antisemitism,  Europe

Hungarians protest appointment of far-right theater directors

Hungarians protest in front of the New Theater in Budapest

Deutsche Welle reported on October 25:

Thousands of Hungarians protested this weekend against the appointment of theater leaders linked to far-right groups. More demonstrations are expected.

Budapest Mayor Istvan Tarlos overruled a professional panel’s advice and appointed outspoken nationalist Gyorgy Dorner as director of the Hungarian capital’s prestigious New Theater, despite concerns by Jewish groups and international condemnation.

Dorner plans to share the job with Istvan Csurka, who leads the Hungarian Justice and Life Party (MIEP), which is known for its anti-Semitic rhetoric. They have said they want to rename the theater Hinterland, because “new is not necessarily good,” especially “in the degenerate sick liberal hegemony.”

The mayor, however, has claimed there will be no name change.

The theater leadership, which is set to take office in February, demands that only Hungarian national drama is performed and not what they refer to as “foreign garbage,” which is viewed as a code word for Jewish and other non-Hungarian productions.

That Csurka is taking a nationalist approach is no big surprise: The firebrand writer and politician has said Hungarians are “being exploited” and “oppressed” by Jews who “dominate the economy and literature.” He has also warned of a “Jewish conspiracy,” whose perpetrators are sitting in New York and Tel Aviv.

MIEP has also invited controversial figures to their meetings, including British author and Holocaust denier David Irving and French far-right politician Jean-Marie Le Pen.

Several writers and actors have signed a petition accusing Mayor Tarlos of using public funds to create Hungary’s first fascist “neo-Arrow Cross” theater since World War II. The Hungarian Arrow Cross Party regime closely cooperated with Nazi-Germany. Some 600,000 Hungarian Jews were killed in the Holocaust, many by Arrow Cross members and their supporters.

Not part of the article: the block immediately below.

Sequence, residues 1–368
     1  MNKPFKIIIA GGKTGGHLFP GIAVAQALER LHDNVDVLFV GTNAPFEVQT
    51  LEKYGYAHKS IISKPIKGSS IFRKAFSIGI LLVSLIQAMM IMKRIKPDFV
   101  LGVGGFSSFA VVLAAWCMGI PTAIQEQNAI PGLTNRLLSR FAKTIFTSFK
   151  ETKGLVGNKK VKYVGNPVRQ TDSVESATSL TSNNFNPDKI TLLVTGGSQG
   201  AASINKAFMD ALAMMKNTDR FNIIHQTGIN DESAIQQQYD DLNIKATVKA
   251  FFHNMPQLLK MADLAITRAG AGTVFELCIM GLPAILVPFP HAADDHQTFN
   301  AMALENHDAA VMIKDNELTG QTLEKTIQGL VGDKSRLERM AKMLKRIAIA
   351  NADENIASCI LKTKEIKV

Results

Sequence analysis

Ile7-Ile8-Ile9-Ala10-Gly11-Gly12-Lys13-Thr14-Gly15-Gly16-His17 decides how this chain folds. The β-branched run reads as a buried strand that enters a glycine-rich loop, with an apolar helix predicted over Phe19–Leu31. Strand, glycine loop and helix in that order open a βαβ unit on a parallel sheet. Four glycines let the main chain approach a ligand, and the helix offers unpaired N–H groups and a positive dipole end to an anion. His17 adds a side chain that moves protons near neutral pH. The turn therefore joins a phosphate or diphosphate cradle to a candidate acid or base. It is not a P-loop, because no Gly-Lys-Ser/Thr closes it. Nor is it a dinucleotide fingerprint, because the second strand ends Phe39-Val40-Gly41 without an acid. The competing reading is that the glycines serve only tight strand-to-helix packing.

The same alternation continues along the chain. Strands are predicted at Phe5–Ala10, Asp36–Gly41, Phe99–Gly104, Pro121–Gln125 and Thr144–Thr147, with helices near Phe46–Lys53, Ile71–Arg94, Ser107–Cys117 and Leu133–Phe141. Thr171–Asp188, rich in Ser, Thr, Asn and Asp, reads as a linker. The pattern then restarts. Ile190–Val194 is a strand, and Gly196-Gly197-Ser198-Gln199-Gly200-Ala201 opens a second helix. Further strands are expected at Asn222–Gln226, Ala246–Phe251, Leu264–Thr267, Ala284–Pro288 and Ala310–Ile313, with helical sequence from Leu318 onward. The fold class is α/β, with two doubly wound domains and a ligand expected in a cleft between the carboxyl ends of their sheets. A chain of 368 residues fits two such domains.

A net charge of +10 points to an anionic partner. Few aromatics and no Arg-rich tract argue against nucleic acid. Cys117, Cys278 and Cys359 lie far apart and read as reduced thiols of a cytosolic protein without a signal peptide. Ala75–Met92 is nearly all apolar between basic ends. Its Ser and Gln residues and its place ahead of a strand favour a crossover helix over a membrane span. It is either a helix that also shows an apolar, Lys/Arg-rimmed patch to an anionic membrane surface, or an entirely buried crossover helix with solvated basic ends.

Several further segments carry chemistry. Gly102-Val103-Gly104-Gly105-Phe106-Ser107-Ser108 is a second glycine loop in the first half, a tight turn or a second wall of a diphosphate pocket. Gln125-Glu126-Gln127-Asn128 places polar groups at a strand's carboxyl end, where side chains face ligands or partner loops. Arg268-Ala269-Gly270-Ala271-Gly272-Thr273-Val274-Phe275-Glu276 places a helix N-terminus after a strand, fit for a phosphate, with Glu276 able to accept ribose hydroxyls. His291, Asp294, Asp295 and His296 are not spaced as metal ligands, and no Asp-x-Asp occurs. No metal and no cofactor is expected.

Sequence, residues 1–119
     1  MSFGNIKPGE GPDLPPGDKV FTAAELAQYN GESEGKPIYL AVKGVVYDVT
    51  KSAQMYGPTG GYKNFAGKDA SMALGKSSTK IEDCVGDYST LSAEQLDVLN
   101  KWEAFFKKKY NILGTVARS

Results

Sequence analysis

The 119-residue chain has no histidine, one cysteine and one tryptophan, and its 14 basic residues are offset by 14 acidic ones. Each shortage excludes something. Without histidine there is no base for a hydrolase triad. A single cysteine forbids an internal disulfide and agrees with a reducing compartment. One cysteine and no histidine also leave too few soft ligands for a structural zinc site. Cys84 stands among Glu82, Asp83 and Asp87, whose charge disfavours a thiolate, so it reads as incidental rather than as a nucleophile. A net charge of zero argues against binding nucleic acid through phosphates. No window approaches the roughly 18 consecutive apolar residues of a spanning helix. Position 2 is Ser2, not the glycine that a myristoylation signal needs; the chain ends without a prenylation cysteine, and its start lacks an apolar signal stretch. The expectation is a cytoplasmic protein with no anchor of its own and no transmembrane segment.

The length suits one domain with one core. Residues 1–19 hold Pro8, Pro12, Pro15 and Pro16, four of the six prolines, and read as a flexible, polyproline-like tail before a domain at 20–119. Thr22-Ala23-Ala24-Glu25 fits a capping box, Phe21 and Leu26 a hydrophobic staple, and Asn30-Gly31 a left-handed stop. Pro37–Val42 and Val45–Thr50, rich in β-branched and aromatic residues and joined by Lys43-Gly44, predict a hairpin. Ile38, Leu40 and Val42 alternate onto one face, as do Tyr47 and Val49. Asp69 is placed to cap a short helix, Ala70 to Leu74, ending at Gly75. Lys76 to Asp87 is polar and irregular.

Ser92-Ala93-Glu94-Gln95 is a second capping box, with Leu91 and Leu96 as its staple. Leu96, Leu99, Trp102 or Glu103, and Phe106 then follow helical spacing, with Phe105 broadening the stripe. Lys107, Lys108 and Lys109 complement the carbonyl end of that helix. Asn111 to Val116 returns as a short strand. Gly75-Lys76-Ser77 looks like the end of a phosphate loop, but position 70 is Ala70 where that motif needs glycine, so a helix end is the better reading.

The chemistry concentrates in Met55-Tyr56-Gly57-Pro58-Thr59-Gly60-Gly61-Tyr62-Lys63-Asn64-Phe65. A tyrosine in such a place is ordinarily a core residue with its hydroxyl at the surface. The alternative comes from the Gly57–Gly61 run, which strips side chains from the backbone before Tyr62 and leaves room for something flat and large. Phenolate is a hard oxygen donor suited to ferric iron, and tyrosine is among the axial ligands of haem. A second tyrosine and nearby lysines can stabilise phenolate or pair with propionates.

The Federation of Hungarian Jewish Communities called the controversial theater appointments “an advance for circles with Nazi ideology.”
With well over 100,000 members, Hungary has the largest Jewish community in Eastern Europe apart from Russia.

Outrage over the theater controversy has spread beyond Hungary. German conductor Christoph von Dohnanyi canceled appearances in Budapest to protest the appointment of the New Theater leadership. He said he didn’t want to “appear in a city whose mayor entrusted the direction of a theater to two known, extreme right-wing anti-Semites.”

Mayor Tarlos, who has close ties with Hungary’s center-right government, defends his decision to change the leadership at New Theater. He says Gyorgy Dorner, who is also an actor and well-known in Hungary as the voice of American stars Eddie Murphy and Bruce Willis in dubbed films, will be evaluated “at an appropriate time.”

I would add only that Mayor Tarlos, who made this appalling appointment, is not a member of the the Justice and Life Party, or the antisemitic and anti-Roma Jobbik party (to which Dorner has ties), but of the ruling right-of-center Fidesz party of Prime Minister Viktor Orbán.

The Economist reports that Tarlos is ignoring the complaints.

After several Hungarian theatre figures wrote an open letter complaining about the decision he reportedly described them as “inconsiderate, irritating and contemptible”.

(Hat tip: Karl Pfeifer)

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